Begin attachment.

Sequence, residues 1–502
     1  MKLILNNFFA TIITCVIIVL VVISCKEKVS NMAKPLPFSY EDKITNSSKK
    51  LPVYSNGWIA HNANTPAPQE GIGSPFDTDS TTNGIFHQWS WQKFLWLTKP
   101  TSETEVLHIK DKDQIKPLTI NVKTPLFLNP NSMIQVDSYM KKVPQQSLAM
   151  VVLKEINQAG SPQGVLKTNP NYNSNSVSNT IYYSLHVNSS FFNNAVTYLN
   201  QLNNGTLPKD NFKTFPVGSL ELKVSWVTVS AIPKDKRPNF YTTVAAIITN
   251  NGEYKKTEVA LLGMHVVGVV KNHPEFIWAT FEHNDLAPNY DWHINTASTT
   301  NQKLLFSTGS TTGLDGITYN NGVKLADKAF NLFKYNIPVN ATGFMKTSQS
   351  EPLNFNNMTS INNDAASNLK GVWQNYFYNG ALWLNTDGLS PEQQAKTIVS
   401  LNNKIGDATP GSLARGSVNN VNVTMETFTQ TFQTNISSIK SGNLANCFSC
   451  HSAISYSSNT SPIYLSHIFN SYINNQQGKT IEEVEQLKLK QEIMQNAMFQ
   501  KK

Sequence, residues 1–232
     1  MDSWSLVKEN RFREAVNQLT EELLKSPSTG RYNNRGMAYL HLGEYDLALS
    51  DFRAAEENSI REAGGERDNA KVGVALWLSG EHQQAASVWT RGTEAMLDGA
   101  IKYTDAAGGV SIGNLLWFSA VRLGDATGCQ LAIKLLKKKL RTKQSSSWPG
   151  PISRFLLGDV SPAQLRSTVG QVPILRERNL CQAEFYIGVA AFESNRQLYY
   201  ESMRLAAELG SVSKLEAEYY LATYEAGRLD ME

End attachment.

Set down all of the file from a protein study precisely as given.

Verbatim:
Sequence, residues 1–502
     1  MKLILNNFFA TIITCVIIVL VVISCKEKVS NMAKPLPFSY EDKITNSSKK
    51  LPVYSNGWIA HNANTPAPQE GIGSPFDTDS TTNGIFHQWS WQKFLWLTKP
   101  TSETEVLHIK DKDQIKPLTI NVKTPLFLNP NSMIQVDSYM KKVPQQSLAM
   151  VVLKEINQAG SPQGVLKTNP NYNSNSVSNT IYYSLHVNSS FFNNAVTYLN
   201  QLNNGTLPKD NFKTFPVGSL ELKVSWVTVS AIPKDKRPNF YTTVAAIITN
   251  NGEYKKTEVA LLGMHVVGVV KNHPEFIWAT FEHNDLAPNY DWHINTASTT
   301  NQKLLFSTGS TTGLDGITYN NGVKLADKAF NLFKYNIPVN ATGFMKTSQS
   351  EPLNFNNMTS INNDAASNLK GVWQNYFYNG ALWLNTDGLS PEQQAKTIVS
   401  LNNKIGDATP GSLARGSVNN VNVTMETFTQ TFQTNISSIK SGNLANCFSC
   451  HSAISYSSNT SPIYLSHIFN SYINNQQGKT IEEVEQLKLK QEIMQNAMFQ
   501  KK

Sequence, residues 1–232
     1  MDSWSLVKEN RFREAVNQLT EELLKSPSTG RYNNRGMAYL HLGEYDLALS
    51  DFRAAEENSI REAGGERDNA KVGVALWLSG EHQQAASVWT RGTEAMLDGA
   101  IKYTDAAGGV SIGNLLWFSA VRLGDATGCQ LAIKLLKKKL RTKQSSSWPG
   151  PISRFLLGDV SPAQLRSTVG QVPILRERNL CQAEFYIGVA AFESNRQLYY
   201  ESMRLAAELG SVSKLEAEYY LATYEAGRLD ME